Most recently, on June 28, M’membe and several of his colleagues, including his wife, were reportedly beaten, arrested, and then later charged with “breaking into a building with intent to commit a felony” and “criminal trespass” after they tried to access their offices. According to deputy editor Joseph Mwenda, who was also arrested on the scene, Zambian police were “acting on direct orders from the State House.” He and the rest of those who were arrested were released on bond later in the day and vowed to keep printing copies of the newspaper from a different location, at one point setting up shop across the street from their barricaded office.
Perhaps most troubling, the PF had brazenly signposted its intentions long ago, most notably in a document that seems to outline a strategy to rig the August 11 election and “brutalize” the political opposition. An entire section of the alleged PF document was devoted to stifling the media and explicitly advocated the closure of The Post newspaper, saying: “No form of media should be given to the UPND in the form of news or campaign advertisements.” The document also outlined a plot to “assassinate” the character of Lungu’s chief challenger, the UPND’s Hakainde Hichilema.
Zambia’s evident media crackdown would be concerning on its own. That other forces are also at play should force SADC and Zambia’s foreign donors, including the United States, to pay attention. Thousands of foreign nationals have allegedly been added to the electoral register; the government has issued thousands of blank voter registration cards; the legislature has passed changes that provide immunity from prosecution for electoral commission officers suspected of wrongdoing; a previously unknown Dubai-based firm is printing the official ballot papers, raising rightful suspicions due to the company’s involvement in Uganda’s disputed February 2016 election; Lungu has threatened to “sort out” the opposition; and the UPND has faced brutal violence and the repeated destruction of its campaign materials.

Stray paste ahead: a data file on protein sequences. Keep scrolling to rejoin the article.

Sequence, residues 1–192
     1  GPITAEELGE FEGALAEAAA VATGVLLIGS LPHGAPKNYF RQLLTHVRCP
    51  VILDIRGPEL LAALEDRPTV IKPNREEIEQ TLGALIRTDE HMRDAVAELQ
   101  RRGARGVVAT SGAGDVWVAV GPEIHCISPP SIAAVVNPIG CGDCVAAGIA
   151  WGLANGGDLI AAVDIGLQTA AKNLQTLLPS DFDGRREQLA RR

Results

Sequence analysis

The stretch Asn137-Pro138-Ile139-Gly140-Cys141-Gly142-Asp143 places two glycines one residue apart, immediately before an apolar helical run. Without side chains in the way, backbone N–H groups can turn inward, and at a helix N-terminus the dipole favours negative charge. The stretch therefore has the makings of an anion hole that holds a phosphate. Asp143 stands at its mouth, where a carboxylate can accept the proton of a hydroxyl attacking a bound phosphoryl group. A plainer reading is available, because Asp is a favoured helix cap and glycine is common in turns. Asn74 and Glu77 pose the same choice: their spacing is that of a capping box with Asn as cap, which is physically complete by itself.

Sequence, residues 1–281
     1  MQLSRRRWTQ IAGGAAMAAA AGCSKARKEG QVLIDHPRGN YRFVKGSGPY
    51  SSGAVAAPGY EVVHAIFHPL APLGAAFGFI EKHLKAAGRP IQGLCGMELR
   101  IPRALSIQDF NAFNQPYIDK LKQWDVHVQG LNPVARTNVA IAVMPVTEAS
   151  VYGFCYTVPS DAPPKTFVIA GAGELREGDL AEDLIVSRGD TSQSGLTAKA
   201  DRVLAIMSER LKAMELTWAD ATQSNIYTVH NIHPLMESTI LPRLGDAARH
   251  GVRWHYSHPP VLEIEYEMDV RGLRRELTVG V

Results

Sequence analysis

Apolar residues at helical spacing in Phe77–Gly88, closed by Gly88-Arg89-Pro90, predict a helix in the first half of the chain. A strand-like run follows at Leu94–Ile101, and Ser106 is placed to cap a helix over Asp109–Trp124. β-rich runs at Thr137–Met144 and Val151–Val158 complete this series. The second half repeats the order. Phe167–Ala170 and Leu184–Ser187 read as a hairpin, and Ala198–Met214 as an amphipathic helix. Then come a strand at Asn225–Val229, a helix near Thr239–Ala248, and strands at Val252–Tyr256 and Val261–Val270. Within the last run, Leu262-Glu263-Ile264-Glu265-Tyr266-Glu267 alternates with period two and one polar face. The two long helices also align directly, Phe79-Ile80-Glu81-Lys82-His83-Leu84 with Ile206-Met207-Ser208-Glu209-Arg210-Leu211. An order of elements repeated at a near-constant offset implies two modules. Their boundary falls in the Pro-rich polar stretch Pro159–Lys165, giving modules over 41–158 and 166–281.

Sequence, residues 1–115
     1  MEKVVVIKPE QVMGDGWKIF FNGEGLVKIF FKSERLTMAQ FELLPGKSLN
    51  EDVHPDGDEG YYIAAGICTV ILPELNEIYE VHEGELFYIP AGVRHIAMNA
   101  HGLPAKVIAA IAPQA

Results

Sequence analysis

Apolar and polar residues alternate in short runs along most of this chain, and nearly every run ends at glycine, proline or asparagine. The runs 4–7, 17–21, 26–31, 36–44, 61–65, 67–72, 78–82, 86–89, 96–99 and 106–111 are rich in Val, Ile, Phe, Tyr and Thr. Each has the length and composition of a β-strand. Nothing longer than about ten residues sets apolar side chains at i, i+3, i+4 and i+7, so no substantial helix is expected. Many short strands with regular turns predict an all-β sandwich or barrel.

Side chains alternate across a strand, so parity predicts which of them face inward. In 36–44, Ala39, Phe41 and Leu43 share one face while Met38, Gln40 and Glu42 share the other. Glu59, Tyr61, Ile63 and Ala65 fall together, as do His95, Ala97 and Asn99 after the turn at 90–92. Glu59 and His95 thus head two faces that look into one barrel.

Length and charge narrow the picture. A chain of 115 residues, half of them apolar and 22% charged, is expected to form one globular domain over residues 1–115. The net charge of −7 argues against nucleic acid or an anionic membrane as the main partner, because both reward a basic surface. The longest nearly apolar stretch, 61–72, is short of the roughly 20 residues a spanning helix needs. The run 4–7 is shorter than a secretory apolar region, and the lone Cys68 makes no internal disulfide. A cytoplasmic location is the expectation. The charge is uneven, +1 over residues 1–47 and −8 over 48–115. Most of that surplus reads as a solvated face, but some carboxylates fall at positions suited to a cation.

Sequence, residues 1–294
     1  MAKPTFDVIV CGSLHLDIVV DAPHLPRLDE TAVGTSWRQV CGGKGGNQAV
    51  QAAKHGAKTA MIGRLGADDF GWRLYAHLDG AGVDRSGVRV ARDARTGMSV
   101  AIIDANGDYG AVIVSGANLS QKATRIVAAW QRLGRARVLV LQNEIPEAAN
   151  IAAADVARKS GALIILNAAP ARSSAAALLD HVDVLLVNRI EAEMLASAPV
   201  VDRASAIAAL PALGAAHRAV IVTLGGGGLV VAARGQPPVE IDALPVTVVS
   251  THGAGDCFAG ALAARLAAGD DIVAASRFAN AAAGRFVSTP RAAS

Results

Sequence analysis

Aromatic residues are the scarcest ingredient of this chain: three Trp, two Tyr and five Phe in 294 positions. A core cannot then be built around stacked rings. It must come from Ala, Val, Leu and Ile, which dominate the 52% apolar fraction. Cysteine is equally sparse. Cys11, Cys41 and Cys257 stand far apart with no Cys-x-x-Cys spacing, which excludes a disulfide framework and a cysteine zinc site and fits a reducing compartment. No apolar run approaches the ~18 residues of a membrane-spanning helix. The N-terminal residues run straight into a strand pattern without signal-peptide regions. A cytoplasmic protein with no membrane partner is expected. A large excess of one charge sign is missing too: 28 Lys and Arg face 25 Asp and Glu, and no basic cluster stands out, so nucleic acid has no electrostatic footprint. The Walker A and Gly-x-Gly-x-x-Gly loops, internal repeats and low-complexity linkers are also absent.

Zambians deserve a free, fair, transparent, and credible election. If the country continues heading in its current direction, such an outcome will be impossible. The first step will be putting the Lungu government on notice that the world is watching. Second, SADC leadership and the country’s top donors will have to support a pre-election assessment team to ensure that conditions are conducive to a legitimate poll and that the safety of the voting public is safeguarded. If the determination is made that free and fair elections are unfeasible in Zambia, then both SADC and the African Union should demand reforms before August 11 and vow to not dispatch poll observers if conditions remain troubling. These actions would send an unequivocally strong message to leaders in both Zambia and throughout the region that such blatant electoral rigging is wholly unacceptable.
For too long, the world has accepted that peaceful elections—or those that avert widespread violence—are somehow enough. They are not. By lowering the democratic threshold, the world has permitted undemocratic leaders and their corrupt regimes to flourish and provided incentive for others to follow in their path. SADC, the African Union, and other shareholders in Zambia’s future cannot afford to let it slide further off the rails. For Zambia, there is still time, but it is undoubtedly running short.